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Infect Immun. 2007 Jul;75(7):3621-32. Epub 2007 Apr 30.

Inhibition of dendritic cell maturation by malaria is dose dependent and does not require Plasmodium falciparum erythrocyte membrane protein 1.

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  • 1The Walter and Eliza Hall Institute of Medical Research, 1G Royal Parade, Parkville, Victoria 3050, Australia.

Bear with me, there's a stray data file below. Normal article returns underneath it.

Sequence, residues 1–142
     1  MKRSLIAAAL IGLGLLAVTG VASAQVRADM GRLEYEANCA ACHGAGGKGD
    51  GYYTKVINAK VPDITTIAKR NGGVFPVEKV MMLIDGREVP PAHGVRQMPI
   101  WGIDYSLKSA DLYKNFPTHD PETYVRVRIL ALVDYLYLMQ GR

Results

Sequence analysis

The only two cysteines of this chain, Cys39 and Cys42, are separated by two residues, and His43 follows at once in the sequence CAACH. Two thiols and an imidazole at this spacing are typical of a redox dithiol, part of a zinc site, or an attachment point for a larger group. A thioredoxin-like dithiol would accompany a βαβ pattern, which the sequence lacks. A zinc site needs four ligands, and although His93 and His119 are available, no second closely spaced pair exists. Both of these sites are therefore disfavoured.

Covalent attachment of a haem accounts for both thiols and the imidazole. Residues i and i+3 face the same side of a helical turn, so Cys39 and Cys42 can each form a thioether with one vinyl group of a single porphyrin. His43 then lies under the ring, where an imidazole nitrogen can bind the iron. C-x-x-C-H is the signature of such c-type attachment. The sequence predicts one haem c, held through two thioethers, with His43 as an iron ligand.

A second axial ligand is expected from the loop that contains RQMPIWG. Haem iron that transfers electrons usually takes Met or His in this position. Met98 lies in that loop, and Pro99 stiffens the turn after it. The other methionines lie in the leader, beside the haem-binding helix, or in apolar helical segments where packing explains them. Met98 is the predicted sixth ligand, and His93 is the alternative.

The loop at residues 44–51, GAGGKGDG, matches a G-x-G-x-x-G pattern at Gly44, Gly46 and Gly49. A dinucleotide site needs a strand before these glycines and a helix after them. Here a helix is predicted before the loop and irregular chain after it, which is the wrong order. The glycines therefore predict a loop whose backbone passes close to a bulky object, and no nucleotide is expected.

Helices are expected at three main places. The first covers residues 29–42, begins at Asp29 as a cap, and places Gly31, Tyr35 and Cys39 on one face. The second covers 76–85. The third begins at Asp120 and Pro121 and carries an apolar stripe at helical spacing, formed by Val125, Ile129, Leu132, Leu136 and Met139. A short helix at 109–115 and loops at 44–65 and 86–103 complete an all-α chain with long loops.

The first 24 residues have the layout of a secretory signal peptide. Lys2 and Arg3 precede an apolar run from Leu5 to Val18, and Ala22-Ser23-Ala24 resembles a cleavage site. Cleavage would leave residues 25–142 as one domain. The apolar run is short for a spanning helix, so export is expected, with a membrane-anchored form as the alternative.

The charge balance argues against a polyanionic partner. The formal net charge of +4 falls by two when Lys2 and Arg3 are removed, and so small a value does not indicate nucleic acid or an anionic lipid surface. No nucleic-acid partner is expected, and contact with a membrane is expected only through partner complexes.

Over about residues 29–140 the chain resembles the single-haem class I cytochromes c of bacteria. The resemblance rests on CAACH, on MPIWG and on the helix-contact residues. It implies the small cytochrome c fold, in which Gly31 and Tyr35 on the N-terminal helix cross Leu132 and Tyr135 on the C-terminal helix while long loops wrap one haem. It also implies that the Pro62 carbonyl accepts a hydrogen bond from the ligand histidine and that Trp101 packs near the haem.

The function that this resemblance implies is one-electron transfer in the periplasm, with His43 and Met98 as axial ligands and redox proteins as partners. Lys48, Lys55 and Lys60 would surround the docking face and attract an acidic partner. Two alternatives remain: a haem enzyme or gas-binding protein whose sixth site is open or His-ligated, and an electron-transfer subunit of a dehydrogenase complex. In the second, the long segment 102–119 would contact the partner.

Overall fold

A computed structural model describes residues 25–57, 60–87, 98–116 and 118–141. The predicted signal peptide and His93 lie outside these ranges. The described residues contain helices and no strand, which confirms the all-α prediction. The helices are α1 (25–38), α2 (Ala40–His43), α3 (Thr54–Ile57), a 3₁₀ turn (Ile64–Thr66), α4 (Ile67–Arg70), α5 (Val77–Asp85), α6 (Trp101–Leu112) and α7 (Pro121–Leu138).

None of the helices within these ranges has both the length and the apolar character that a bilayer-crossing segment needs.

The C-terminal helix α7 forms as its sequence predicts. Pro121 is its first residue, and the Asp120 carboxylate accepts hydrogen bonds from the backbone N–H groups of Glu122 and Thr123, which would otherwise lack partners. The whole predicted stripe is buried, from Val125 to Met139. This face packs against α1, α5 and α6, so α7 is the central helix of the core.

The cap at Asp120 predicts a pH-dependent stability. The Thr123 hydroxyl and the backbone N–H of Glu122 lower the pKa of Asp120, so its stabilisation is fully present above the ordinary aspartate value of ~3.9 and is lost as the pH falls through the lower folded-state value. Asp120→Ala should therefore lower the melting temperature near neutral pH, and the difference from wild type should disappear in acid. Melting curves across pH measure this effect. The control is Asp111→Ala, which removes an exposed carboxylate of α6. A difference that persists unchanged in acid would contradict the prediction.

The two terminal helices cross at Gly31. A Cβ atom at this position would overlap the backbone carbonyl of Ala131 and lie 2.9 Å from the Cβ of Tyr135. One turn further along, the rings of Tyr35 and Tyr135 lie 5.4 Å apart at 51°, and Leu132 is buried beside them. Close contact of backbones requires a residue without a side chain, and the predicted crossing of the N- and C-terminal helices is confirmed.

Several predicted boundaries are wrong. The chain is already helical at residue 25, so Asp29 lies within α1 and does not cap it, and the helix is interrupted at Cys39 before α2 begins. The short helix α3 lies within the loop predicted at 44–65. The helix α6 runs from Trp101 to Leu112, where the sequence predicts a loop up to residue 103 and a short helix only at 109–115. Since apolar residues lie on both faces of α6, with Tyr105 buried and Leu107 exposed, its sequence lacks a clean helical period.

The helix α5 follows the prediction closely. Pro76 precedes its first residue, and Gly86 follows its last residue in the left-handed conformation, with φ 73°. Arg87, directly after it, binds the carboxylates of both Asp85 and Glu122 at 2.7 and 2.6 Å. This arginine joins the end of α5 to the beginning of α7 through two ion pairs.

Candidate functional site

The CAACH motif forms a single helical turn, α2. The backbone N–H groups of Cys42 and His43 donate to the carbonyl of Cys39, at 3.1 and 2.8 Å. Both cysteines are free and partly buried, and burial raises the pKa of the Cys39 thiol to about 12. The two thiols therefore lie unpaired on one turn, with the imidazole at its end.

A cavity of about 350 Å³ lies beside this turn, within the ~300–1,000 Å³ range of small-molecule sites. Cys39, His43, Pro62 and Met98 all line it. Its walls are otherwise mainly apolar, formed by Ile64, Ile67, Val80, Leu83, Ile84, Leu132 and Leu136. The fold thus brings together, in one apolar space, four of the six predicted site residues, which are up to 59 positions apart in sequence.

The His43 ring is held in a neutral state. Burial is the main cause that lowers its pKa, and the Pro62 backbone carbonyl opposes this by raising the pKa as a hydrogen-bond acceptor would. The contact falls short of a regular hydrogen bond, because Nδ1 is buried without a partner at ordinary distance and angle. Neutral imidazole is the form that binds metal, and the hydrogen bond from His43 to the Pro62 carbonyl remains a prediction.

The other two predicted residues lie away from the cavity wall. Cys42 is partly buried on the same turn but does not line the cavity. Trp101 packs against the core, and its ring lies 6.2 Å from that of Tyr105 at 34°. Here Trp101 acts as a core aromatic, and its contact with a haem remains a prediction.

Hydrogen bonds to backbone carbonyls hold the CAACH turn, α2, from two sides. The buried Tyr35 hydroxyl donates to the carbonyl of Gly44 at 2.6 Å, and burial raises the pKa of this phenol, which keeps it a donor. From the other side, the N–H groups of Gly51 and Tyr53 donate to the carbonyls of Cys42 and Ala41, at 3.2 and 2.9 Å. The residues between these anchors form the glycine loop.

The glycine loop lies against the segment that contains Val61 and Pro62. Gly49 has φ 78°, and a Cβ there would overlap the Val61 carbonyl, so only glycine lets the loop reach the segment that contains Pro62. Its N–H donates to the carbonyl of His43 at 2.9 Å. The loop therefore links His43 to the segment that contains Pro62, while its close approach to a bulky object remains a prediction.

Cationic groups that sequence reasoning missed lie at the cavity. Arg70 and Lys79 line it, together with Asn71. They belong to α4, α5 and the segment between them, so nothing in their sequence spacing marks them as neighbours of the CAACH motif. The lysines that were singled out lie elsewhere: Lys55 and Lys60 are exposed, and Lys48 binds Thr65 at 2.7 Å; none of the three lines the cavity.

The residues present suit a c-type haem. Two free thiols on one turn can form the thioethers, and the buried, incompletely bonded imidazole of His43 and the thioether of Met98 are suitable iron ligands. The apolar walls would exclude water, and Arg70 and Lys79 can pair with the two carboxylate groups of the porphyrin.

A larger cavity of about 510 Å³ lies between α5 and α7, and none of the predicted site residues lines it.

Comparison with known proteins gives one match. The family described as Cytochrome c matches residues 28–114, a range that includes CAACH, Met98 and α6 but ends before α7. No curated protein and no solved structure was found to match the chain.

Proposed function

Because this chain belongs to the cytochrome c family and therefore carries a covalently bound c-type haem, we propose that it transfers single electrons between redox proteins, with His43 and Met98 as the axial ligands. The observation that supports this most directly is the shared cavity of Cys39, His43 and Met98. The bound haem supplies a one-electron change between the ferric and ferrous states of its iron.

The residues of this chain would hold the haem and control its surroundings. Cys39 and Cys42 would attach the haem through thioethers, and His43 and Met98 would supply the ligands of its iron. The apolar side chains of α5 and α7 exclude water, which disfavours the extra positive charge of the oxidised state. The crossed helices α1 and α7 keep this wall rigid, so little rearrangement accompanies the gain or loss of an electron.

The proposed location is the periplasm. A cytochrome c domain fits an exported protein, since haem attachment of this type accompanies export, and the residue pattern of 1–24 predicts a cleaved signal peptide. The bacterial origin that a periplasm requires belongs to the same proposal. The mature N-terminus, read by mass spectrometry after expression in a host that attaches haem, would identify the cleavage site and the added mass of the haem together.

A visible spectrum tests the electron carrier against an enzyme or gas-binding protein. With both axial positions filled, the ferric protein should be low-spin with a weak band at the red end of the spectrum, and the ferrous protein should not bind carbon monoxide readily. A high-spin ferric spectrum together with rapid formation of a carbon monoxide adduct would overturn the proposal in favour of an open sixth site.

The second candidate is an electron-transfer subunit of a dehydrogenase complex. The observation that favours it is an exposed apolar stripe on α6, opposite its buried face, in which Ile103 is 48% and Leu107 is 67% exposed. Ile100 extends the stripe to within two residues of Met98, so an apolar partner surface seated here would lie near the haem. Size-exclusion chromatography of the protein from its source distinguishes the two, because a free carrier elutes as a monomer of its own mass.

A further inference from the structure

Red blood cells infected with Plasmodium falciparum (iRBCs) have been shown to modulate maturation of human monocyte-derived dendritic cells (DCs), interfering with their ability to activate T cells. Interaction between Plasmodium falciparum erythrocyte membrane protein 1 (PfEMP1) and CD36 expressed by DCs is the proposed mechanism, but we show here that DC modulation does not require CD36 binding, PfEMP1, or contact between DCs and infected RBCs and depends on the iRBC dose. iRBCs expressing a PfEMP1 variant that binds chondroitin sulfate A (CSA) but not CD36 were phagocytosed, inhibited lipopolysaccharide (LPS)-induced phenotypic maturation and cytokine secretion, and abrogated the ability of DCs to stimulate allogeneic T-cell proliferation. CD36- and CSA-binding iRBCs showed comparable inhibition. P. falciparum lines rendered deficient in PfEMP1 expression by targeted gene knockout or knockdown also inhibited LPS-induced phenotypic maturation, and separation of DCs and iRBCs in transwells showed that inhibition was not contact dependent. Inhibition was observed at an iRBC:DC ratio of 100:1 but not at a ratio of 10:1. High doses of iRBCs were associated with apoptosis of DCs, which was not activation induced. Lower doses of iRBCs stimulated DC maturation sufficient to activate autologous T-cell proliferation. In conclusion, modulation of DC maturation by P. falciparum is dose dependent and does not require interaction between PfEMP1 and CD36. Inhibition and apoptosis of DCs by high-dose iRBCs may or may not be physiological. However, our observation that low-dose iRBCs initiate functional DC maturation warrants reevaluation and further investigation of DC interactions with blood-stage P. falciparum.

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